This refers to the application of scientific methods & techniques to determine the origin and cause of fire once firefighters have extinguished the fire.
The practice is similar to the examination of crime scenes in that the scene must be preserved and evidence collected and analyzed, but with numerous additional difficulties and dangers. The investigation will include closely surveying the damaged scene to establish the origin of the fire and eventually establishing the cause.
However in order to effectively examine and evaluate a fire scene, it is imperative that the investigator has a detailed knowledge of the chemistry and behavior of fire and its effects.
Understanding The Nature & Chemistry of Fire
Fire occurs due to the exothermic reaction of combustion (burning), producing heat and light. In order for a fire to occur, three vital components must be present: a fuel source, an oxidant (O2) and a sufficient amount of energy in the form of heat. Together these make up the fire triangle. A fourth factor can also be described – a self-sustaining chemical chain reaction – to produce the fire tetrahedron. The absence of any of these conditions will result in a fire not starting or extinguishing through smothering (oxygen removal), cooling (heat removal) or starving (fuel removal).
Solid and liquid materials do not actually combust, but the process of heating causes them to produce vapors which can burn. This is the process of pyrolysis. Through this pyrolysis products will be formed, flammable and volatile substances of low molecular weight caused through the decomposition of materials by fire.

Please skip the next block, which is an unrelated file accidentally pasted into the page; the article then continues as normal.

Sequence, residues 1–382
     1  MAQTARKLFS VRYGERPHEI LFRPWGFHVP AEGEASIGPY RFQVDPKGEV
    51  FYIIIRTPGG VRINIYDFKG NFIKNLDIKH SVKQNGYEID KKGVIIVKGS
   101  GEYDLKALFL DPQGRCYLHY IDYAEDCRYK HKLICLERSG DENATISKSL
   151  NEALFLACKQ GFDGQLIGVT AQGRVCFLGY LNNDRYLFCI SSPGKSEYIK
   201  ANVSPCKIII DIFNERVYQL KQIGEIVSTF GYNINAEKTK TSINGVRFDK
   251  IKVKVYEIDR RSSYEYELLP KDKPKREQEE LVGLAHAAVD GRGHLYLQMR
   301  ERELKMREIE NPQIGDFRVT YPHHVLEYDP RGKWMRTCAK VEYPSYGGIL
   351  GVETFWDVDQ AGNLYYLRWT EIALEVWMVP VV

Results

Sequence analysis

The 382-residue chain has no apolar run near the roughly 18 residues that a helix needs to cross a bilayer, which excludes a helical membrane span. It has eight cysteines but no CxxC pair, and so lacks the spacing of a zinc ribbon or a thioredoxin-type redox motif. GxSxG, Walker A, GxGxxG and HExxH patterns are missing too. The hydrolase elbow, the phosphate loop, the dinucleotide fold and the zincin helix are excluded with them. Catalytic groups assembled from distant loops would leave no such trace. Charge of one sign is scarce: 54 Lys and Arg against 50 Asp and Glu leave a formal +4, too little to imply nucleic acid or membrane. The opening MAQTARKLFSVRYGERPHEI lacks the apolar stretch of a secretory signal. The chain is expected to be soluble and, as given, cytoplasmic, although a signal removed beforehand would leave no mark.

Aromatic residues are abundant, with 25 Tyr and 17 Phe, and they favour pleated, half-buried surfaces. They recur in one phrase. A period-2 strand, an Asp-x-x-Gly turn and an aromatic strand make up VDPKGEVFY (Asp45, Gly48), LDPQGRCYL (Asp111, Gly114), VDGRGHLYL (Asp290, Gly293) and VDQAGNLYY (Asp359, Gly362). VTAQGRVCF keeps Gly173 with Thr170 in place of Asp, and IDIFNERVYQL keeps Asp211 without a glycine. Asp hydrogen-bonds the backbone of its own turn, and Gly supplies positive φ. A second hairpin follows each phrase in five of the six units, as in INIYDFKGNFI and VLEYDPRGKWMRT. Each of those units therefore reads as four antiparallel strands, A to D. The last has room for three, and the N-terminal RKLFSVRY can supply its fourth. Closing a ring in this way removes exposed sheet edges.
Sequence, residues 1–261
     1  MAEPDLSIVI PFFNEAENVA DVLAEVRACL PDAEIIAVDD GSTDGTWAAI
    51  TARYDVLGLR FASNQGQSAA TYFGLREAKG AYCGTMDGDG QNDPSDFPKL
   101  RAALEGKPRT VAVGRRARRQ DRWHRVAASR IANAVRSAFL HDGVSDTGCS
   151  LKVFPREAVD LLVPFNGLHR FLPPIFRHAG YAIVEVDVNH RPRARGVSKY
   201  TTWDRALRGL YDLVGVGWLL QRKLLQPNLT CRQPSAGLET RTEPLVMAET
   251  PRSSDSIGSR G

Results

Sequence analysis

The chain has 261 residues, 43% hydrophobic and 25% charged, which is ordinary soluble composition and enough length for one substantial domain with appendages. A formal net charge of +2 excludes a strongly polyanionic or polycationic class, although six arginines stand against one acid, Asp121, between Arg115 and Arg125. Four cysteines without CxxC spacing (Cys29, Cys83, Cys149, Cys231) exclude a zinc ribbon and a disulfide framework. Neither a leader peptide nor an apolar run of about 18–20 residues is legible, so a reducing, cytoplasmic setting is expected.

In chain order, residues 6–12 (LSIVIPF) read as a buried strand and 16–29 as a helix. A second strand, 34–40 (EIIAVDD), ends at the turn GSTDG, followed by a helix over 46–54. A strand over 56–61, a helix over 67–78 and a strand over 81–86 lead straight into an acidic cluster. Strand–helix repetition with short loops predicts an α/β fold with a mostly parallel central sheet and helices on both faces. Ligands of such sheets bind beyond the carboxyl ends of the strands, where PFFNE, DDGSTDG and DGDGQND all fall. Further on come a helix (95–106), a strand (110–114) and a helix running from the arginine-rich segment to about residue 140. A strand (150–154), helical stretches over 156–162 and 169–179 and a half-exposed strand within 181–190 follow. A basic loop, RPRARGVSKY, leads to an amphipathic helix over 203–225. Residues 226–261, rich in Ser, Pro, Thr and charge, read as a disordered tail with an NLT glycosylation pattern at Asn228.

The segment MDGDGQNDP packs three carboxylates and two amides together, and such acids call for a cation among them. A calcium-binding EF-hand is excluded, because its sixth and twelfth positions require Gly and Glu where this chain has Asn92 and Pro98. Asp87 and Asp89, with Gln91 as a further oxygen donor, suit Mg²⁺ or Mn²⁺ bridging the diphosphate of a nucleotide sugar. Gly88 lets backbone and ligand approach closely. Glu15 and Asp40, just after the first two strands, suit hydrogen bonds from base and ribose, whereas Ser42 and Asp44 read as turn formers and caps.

Heat produced by a fire can spread in one of three ways; convection, conduction and radiation. Convection is the transfer of heat through air circulation, and only occurs in liquids and gases. An example of convection is the heat from a fire rising and heating the ceiling of a room. Conduction is the transfer of heat through a medium by direct contact, such as a fire heating a metal beam which transfers the heat elsewhere. Radiation is the emission of heat as infrared radiation without a medium, such as a fire heating and igniting a nearby sofa.
The primary purposes of a fire investigation is to establish the origin (seat) of the fire, determine the likely cause, and thus conclude whether the incident was accidental, natural or deliberate. It is vital to establish the cause to ensure similar events do not occur (in the case of natural or accidental) or to allow a legal investigation to be conducted (in the case of deliberate fires).
The initial concern with regards to a fire incident scene is safety. Such a scene has an increased risk factor with possible hazards including heated materials, structural collapse, damaged electricity and gas mains, debris, asbestos, dangerous combustion products and other toxic substances. A dynamic risk assessment should be conducted, the scene must be declared safe and all individuals entering the scene should wear appropriate protective clothing such as hardhats, fire-resistant overalls, steel-capped boots, thick gloves and, in some cases, a face mask. Supplies of gas and electricity should be switched off before the investigation begins.